“YOU might not have had hyperemesis yourself, you might not know anyone who has had it, you might not even know how to pronounce hyperemesis gravidarum, but that is exactly why we are asking the public to stand up and help these women be heard.’’
#HG2costly is a campaign recently launched by Hyperemesis Ireland. The charity says the desired outcome of the campaign is very simple: “Desperately ill pregnant women should be able to access HSE-recommended treatments without facing financial hardship.’’
Hyperemesis gravidarum is a complication of pregnancy causing sufferers to experience extreme levels of nausea and vomiting. It is not to be confused with, or compared to, morning sickness, which can affect up to 80% of pregnant women.
Hyperemesis is a less common and far more severe condition which often results in dehydration, significant weight-loss, malnutrition and, if left untreated, can be life-threatening. Women living with this condition face frequent hosìtal admissions and suffer a high degree of physical and emotional distress.
Hyperemesis Ireland is a registered charity and Facebook group offering support to the one in every one hundred or so women who will experience this debilitating condition in pregnancy.
The charity stresses that the first action any woman who believes she may be suffering from hyperemesis should take is to contact their GP.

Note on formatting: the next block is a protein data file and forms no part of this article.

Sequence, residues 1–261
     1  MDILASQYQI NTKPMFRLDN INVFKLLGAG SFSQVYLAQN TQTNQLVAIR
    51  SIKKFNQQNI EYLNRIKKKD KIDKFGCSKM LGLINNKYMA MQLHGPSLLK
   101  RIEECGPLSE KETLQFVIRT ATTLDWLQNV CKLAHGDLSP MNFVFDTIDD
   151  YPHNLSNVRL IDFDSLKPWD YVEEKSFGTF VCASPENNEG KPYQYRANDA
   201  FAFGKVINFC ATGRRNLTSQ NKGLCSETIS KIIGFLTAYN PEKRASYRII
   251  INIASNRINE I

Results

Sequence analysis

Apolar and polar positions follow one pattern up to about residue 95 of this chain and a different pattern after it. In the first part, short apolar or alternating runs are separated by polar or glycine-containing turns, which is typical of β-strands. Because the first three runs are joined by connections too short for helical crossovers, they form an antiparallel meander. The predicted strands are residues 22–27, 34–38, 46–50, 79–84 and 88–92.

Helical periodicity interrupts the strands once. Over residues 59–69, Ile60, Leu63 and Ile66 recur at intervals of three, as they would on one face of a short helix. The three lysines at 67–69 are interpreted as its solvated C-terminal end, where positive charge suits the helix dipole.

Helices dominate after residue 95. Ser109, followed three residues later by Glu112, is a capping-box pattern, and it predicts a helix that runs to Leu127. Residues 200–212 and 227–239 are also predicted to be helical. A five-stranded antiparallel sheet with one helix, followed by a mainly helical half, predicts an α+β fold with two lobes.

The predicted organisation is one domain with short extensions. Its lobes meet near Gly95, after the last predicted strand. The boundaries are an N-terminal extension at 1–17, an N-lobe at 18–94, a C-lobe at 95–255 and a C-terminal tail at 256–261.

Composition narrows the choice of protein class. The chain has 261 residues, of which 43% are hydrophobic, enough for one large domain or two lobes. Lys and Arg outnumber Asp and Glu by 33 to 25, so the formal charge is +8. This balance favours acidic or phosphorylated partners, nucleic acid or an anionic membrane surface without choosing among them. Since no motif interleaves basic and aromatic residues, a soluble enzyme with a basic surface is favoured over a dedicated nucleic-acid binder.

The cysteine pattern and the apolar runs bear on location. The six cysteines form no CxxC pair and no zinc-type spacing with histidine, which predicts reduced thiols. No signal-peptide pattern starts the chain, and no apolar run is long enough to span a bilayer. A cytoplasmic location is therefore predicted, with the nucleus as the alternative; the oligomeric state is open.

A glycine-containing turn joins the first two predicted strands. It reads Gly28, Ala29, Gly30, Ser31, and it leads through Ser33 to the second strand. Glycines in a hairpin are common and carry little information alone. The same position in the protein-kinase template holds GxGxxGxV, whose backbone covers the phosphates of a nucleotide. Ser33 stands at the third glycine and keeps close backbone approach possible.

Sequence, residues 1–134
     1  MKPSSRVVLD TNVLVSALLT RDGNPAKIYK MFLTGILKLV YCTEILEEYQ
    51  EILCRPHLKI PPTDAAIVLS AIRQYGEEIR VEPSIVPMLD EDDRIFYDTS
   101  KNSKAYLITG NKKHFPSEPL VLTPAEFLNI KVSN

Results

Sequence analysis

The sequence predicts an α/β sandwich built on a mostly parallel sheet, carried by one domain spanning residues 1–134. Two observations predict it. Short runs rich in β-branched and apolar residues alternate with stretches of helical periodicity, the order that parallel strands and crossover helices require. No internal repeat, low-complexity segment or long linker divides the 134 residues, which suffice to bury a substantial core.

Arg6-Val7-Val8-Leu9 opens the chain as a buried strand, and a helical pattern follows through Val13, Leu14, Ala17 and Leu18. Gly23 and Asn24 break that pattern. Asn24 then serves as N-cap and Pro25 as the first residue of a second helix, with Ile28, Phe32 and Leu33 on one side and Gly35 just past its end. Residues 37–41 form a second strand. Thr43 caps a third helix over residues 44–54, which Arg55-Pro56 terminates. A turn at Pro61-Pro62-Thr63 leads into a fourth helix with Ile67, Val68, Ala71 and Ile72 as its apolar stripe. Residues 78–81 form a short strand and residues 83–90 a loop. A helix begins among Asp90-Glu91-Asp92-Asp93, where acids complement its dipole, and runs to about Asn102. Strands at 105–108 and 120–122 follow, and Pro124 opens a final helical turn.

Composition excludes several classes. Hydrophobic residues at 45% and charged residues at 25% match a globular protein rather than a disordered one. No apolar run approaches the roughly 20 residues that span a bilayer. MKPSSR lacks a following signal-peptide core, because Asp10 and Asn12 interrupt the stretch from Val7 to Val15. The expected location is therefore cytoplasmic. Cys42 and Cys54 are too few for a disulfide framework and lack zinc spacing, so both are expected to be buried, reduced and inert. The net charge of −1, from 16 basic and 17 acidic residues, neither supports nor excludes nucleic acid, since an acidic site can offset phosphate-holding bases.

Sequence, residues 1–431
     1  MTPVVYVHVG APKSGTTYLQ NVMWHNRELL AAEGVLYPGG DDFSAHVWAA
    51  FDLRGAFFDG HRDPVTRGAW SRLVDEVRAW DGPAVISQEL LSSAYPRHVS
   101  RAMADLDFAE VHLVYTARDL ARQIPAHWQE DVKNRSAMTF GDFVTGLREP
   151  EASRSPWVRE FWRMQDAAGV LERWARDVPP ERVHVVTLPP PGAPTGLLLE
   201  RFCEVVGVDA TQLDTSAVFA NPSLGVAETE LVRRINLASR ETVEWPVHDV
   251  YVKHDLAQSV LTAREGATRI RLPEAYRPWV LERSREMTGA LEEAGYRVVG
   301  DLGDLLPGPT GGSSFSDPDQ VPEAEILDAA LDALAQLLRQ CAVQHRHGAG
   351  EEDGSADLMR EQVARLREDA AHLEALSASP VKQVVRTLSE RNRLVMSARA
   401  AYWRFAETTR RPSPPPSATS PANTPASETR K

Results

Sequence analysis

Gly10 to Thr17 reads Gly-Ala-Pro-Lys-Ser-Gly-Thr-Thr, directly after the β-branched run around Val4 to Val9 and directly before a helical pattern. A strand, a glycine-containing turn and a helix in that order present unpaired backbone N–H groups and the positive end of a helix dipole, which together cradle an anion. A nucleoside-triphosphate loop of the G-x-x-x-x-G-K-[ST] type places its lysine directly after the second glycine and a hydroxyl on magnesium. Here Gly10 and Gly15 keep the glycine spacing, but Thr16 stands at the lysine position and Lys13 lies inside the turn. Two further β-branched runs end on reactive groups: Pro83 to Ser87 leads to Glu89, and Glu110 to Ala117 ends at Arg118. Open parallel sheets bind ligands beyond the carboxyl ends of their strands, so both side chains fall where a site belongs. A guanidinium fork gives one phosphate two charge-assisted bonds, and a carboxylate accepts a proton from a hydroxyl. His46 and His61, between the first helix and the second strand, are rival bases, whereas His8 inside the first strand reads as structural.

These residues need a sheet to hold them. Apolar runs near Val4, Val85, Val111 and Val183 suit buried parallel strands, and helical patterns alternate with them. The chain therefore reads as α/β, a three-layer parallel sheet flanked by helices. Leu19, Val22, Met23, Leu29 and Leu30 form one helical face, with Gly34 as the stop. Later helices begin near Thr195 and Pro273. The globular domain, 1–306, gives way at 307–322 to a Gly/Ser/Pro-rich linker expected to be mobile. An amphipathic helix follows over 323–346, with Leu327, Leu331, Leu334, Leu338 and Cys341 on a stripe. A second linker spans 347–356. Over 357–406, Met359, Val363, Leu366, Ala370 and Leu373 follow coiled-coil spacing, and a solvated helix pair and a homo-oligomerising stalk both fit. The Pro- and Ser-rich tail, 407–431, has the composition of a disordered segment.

“We do not offer medical advice, and are in no way affiliated with any drug company, but we can provide information about treatment options and services in your area to be discussed with your doctor.
“We also work to raise awareness of the condition with healthcare professionals to improve the care women receive.”
The charity has a number of medical trustees including Prof Brian Cleary, Chief Pharmacist at the Rotunda Hospital, and Sinéad Curran, Dietician Manager at the National Maternity Hospital.
The first line of treatment, recommended by the Health Service Executive (HSE), for hyperemesis is a combination drug of doxylamine and pyridoxine, marketed in Ireland as Cariban. Although routinely prescribed by Irish medical practitioners, Cariban is currently unlicensed in Ireland. This means that the treatment is not covered under the Irish Drug Payment Scheme (DPS), or by a Medical Card (GMS).
Women eager to avail of this treatment must fund the full cost of the medication which can, in some cases, run up to €2,000 per pregnancy.
Hyperemesis Ireland are contacted daily by women who are struggling to afford their prescriptions and this is the driving force behind the #HG2costly campaign.
The charity is calling for Minister for Health, Stephen Donnelly TD, to include Cariban on DPS and Medical Card schemes. The campaign has received support from many politicians including Dublin Lord Mayor, Hazel Chu. The topic has been discussed in the Seanad with leader, Senator Regina Doherty, describing it as a ‘false economy’ for the HSE not to reimburse first-line treatments for hyperemesis on the DPS, given that many women will be readmitted to hospital if they cannot take their medication.
Hyperemesis Ireland are urging the public to support this campaign by bringing it to the attention of their local politicians.
“A small number of women will have hyperemesis but their lives will be impacted hugely by it — physically, emotionally and financially. Please contact your TDs, tell them about #HG2costlys, tell them that you think pregnant women should be able to access HSE-recommended treatments for hyperemesis without facing financial hardship, and ask them to raise it with the MInister for Health and the HSE.”